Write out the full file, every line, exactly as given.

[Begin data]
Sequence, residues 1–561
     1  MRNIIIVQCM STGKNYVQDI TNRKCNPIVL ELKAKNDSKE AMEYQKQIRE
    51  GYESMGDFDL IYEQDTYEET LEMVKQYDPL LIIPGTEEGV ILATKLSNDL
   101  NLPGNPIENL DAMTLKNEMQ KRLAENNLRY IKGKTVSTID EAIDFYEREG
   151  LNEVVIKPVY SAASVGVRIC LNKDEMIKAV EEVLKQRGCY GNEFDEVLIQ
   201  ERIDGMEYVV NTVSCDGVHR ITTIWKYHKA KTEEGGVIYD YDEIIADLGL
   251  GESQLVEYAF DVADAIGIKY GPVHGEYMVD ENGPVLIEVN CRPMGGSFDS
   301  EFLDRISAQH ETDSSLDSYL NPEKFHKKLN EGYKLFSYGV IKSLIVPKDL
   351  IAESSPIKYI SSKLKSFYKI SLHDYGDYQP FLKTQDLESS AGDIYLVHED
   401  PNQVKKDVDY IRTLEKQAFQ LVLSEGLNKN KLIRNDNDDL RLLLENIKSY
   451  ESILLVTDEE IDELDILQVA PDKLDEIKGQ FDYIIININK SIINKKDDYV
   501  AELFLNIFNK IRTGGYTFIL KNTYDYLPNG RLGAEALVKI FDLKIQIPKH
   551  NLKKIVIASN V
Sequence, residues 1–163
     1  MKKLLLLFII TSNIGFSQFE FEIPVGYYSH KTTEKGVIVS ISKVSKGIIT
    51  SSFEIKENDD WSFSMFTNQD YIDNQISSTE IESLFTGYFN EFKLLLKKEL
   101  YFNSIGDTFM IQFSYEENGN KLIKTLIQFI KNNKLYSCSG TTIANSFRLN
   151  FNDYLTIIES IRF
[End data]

Sequence, residues 1–561
     1  MRNIIIVQCM STGKNYVQDI TNRKCNPIVL ELKAKNDSKE AMEYQKQIRE
    51  GYESMGDFDL IYEQDTYEET LEMVKQYDPL LIIPGTEEGV ILATKLSNDL
   101  NLPGNPIENL DAMTLKNEMQ KRLAENNLRY IKGKTVSTID EAIDFYEREG
   151  LNEVVIKPVY SAASVGVRIC LNKDEMIKAV EEVLKQRGCY GNEFDEVLIQ
   201  ERIDGMEYVV NTVSCDGVHR ITTIWKYHKA KTEEGGVIYD YDEIIADLGL
   251  GESQLVEYAF DVADAIGIKY GPVHGEYMVD ENGPVLIEVN CRPMGGSFDS
   301  EFLDRISAQH ETDSSLDSYL NPEKFHKKLN EGYKLFSYGV IKSLIVPKDL
   351  IAESSPIKYI SSKLKSFYKI SLHDYGDYQP FLKTQDLESS AGDIYLVHED
   401  PNQVKKDVDY IRTLEKQAFQ LVLSEGLNKN KLIRNDNDDL RLLLENIKSY
   451  ESILLVTDEE IDELDILQVA PDKLDEIKGQ FDYIIININK SIINKKDDYV
   501  AELFLNIFNK IRTGGYTFIL KNTYDYLPNG RLGAEALVKI FDLKIQIPKH
   551  NLKKIVIASN V
Sequence, residues 1–163
     1  MKKLLLLFII TSNIGFSQFE FEIPVGYYSH KTTEKGVIVS ISKVSKGIIT
    51  SSFEIKENDD WSFSMFTNQD YIDNQISSTE IESLFTGYFN EFKLLLKKEL
   101  YFNSIGDTFM IQFSYEENGN KLIKTLIQFI KNNKLYSCSG TTIANSFRLN
   151  FNDYLTIIES IRF